I love tea. Especially at this time of year, when it is cold and dreary outside, a nice cuppa makes life so much better, instantly.
I also love to have the tea on a teapot-warmer - for some kinds of tea, especially black tea, this seems to keep the taste nice for a longer time, as opposed to putting the hot tea into a thermos bottle. (At least that's what it feels like for me.)
Teapot-warmers, though, need something to burn within them. Which, usually, means tea lights. Now, these come in handy little packages, each one in their little aluminum shell, and the wax is not the most eco-friendly stuff either. That always scratched on my green conscience.
So from time to time, I'd try different things. Beeswax tea lights. "Eco" tea lights with different wax. They all did not work properly, due to different reasons.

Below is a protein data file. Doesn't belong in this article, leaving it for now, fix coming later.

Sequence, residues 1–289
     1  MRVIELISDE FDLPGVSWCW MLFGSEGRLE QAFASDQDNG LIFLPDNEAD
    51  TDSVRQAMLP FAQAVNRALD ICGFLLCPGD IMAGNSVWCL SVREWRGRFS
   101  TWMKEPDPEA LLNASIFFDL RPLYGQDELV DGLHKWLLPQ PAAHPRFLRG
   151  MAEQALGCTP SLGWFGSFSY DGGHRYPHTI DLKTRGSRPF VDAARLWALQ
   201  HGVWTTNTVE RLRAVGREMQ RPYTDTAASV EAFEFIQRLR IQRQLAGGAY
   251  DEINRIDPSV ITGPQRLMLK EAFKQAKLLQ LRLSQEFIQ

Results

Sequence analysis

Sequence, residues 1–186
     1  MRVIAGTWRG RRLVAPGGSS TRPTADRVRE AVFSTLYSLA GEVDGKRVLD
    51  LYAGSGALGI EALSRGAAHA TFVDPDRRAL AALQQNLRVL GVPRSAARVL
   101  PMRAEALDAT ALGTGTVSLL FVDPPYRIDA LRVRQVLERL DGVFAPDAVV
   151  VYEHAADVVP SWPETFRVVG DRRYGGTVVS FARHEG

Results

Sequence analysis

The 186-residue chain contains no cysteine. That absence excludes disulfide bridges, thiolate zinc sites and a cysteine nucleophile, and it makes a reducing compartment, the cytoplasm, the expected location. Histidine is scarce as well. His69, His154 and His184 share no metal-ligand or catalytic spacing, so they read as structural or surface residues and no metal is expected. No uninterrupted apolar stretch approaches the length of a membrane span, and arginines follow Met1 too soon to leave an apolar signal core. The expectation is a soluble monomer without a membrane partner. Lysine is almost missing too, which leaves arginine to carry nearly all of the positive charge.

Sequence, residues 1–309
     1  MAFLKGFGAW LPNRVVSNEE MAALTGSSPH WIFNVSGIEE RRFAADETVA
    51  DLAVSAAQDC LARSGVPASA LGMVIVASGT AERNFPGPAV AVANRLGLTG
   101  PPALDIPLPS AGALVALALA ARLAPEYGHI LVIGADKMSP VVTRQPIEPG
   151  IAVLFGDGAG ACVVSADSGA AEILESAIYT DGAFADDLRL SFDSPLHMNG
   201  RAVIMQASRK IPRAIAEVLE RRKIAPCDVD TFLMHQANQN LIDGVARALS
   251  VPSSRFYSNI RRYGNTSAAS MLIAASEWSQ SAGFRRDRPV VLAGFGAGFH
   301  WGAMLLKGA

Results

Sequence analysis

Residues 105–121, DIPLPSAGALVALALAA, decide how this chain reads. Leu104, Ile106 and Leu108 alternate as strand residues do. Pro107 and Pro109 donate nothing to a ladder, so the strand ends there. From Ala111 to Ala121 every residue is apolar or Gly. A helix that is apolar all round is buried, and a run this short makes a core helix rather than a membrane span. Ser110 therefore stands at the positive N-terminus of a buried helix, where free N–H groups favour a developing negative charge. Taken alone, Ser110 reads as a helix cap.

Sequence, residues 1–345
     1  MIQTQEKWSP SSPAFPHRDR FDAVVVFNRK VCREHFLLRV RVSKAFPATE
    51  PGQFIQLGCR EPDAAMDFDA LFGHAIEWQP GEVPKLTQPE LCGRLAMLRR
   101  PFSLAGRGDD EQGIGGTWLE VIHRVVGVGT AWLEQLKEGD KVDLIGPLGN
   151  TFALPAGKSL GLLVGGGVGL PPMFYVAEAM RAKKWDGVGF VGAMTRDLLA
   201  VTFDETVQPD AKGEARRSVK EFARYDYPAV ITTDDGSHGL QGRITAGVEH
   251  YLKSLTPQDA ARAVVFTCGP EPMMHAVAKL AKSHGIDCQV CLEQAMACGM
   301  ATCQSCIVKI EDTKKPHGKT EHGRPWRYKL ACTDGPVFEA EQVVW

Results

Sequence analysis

A while ago, though, I discovered an alternative and have now tested it for a bit: oil lights. They are basically a cork swimmer thingie, you insert a short little wick into that, fill something like a small, flat bowl with water, put some vegetable oil on top, place the wicked swimmer on it and light the wick. There you go. Small, lightweight, no aluminum waste, and just a bit of oil that hangs out in the kitchen anyways. Plus, the company that has been making these since 1867 is based here, in my region, and does all the production locally as well.
I would have linked to them here and now, but they do not sell to end-users, and the oil lights seem to be relatively hard to find. Which means... I am actually thinking about getting them into my shop. It has nothing to do with textile production per se, but it is a wonderful product, we all know textile people need hot tea (right?), and it might also be just the thing a few living history folks need. (There were hanging oil lamps in medieval times, which definitely need something to hold a wick. That would be another nice excuse...)